In Techniques

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See the light. A diffuse light will show through even the smallest of gaps – as in between this straigthedge and a handplane sole. The gap is at most .0005″.

Woodworking is a visual art. The capabilities of our eyes and visual system, as well as the quality of the conditions in which we use them, are essential to good woodworking. Basic knowledge of visual function in the shop and the aids used to enhance it can improve a woodworker’s skill. It is also helpful to know a few visual tricks to achieve even better visual performance than seems usually possible.

Let’s first look at the power of this marvelous tool – the visual system. If you are fortunate enough to have 20/20 vision in either eye, with or without corrective lenses, you are able to distinguish, at a viewing distance of 14″, in proper conditions, critical detail in your work of .004″ (four thousandths of an inch). That means if you are cutting dovetails with your eyes 14″ away from the wood, you can see detail equal to the thickness of a sheet of paper.

Vernier acuity. This photo illustrates vernier acuity. The pair of lines on the left were marked with the ends of the pieces aligned. The pair on the right were marked with one of the boards offset with a .002″ shim. The pieces were then realigned and the photo taken. Thus, the lines on the right show an offset of .002″, which, remarkably, is fairly easy to see.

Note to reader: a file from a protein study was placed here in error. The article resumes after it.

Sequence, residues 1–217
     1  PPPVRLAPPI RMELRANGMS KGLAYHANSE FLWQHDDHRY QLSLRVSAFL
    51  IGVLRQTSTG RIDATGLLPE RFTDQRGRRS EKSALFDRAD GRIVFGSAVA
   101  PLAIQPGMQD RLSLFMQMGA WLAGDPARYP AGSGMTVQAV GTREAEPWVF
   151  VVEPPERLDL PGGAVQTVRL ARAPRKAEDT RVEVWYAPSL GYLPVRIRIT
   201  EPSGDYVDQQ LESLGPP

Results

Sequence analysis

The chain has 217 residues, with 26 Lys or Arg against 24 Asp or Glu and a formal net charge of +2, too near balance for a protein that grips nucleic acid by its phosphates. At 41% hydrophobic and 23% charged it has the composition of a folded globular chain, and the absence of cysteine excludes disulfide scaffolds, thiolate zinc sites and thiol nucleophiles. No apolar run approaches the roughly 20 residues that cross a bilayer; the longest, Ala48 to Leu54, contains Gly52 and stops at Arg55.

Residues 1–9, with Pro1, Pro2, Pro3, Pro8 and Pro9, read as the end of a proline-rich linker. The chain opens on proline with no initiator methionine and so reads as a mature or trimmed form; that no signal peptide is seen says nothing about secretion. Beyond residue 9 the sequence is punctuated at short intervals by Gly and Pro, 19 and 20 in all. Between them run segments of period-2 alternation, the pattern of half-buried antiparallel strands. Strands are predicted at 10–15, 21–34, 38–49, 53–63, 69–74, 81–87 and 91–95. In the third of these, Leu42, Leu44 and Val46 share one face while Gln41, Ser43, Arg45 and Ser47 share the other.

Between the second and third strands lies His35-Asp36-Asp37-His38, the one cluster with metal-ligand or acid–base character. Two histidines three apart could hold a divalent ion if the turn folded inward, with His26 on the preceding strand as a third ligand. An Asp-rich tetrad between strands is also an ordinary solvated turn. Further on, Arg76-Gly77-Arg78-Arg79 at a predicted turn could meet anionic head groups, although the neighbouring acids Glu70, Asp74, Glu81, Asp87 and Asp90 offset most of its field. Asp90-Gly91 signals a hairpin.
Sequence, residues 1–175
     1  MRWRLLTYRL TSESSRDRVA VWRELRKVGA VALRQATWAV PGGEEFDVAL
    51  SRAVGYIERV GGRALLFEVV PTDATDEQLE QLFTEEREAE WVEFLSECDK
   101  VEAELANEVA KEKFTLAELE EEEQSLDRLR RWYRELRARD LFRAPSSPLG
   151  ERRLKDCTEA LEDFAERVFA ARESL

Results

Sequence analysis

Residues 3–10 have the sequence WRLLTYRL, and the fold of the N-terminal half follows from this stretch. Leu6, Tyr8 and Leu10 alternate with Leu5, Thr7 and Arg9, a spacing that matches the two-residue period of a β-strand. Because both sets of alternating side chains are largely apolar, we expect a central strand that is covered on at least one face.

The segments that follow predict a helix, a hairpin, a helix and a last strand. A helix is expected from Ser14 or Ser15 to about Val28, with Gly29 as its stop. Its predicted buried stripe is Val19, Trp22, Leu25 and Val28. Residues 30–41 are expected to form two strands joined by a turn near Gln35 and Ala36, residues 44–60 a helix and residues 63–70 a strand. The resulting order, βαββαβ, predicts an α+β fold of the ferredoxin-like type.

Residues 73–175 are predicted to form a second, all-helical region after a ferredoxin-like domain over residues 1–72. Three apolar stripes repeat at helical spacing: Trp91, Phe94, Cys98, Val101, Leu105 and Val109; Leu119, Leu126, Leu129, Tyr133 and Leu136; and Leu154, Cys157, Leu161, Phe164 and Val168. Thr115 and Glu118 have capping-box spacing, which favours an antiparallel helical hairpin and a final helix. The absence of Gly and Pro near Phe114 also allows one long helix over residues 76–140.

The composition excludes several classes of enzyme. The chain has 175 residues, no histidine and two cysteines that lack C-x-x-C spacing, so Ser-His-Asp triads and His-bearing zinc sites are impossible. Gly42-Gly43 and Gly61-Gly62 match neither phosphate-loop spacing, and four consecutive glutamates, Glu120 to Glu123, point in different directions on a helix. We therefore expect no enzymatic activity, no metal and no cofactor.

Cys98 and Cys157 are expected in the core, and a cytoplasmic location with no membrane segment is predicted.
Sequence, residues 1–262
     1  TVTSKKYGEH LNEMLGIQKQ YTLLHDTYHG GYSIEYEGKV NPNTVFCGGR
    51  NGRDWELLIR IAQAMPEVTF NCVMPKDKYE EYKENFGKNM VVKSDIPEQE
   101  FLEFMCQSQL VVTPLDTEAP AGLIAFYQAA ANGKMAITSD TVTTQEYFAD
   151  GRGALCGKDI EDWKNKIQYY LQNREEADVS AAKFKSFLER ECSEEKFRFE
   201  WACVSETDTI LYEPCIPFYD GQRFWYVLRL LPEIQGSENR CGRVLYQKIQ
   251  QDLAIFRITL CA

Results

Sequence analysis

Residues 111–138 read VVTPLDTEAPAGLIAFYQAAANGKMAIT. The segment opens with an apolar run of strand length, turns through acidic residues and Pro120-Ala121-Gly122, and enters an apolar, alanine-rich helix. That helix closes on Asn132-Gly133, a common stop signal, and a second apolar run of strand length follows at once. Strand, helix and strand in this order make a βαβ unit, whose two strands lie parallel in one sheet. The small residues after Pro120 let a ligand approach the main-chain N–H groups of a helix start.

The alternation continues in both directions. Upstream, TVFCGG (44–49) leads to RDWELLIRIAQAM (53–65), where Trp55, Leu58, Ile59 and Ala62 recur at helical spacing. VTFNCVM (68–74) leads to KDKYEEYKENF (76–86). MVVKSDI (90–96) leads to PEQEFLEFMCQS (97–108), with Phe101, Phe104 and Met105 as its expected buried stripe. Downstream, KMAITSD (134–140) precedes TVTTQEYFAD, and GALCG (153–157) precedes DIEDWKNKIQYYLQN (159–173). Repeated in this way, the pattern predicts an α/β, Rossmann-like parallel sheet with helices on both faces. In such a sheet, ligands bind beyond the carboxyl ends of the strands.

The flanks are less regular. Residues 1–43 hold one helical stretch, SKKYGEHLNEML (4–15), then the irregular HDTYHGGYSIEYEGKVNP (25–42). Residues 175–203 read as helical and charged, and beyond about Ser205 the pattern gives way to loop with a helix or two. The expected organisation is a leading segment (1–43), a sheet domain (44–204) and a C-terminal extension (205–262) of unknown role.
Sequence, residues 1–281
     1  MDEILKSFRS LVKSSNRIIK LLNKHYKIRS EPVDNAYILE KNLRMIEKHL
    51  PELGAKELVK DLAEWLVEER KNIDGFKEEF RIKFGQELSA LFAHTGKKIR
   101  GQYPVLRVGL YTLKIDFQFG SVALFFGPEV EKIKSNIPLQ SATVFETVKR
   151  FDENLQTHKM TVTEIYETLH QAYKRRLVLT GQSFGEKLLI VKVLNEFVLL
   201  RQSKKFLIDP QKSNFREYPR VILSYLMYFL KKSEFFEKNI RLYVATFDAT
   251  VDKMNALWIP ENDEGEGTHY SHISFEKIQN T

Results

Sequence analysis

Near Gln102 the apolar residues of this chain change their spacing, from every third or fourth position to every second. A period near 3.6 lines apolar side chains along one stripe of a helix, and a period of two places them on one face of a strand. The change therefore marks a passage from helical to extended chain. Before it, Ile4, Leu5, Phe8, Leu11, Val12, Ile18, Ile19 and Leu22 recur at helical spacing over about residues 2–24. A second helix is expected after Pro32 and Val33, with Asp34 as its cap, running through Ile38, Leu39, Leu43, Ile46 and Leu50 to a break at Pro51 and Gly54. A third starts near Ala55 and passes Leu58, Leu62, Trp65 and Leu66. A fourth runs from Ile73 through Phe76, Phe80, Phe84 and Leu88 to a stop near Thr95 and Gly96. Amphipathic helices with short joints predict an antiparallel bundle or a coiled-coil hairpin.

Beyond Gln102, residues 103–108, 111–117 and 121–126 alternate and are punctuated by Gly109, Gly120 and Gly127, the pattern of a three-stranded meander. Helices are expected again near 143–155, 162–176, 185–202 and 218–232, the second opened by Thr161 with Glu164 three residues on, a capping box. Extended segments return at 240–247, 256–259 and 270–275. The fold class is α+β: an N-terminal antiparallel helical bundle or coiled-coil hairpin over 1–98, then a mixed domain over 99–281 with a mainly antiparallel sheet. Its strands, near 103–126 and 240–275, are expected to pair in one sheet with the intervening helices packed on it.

Even more powerful is “vernier acuity” with which you can discern a displacement of less than .001″ of two fine lines, such as registration marks on a pair of boards. When using this “super” visual ability to align your work, your eyes equal or exceed the accuracy of the finest calipers likely to be in your shop.

Further, the eye can readily detect a gap of light of a mere .0005″ (half a thou) under a straightedge placed on the sole of a plane held up to diffuse light. That’s probably more accuracy than you need. Turn out all the lights in your shop except one narrow beam aimed across the room to see previously invisible, minute dust particles in the air hovering long after a sanding session and destined for your lungs.

So, the eyes are great tools, but to get the most out of them it is helpful to keep in mind two important factors: lighting and optics. This is especially true if you are older than 40 (when you are, of course, getting much wiser).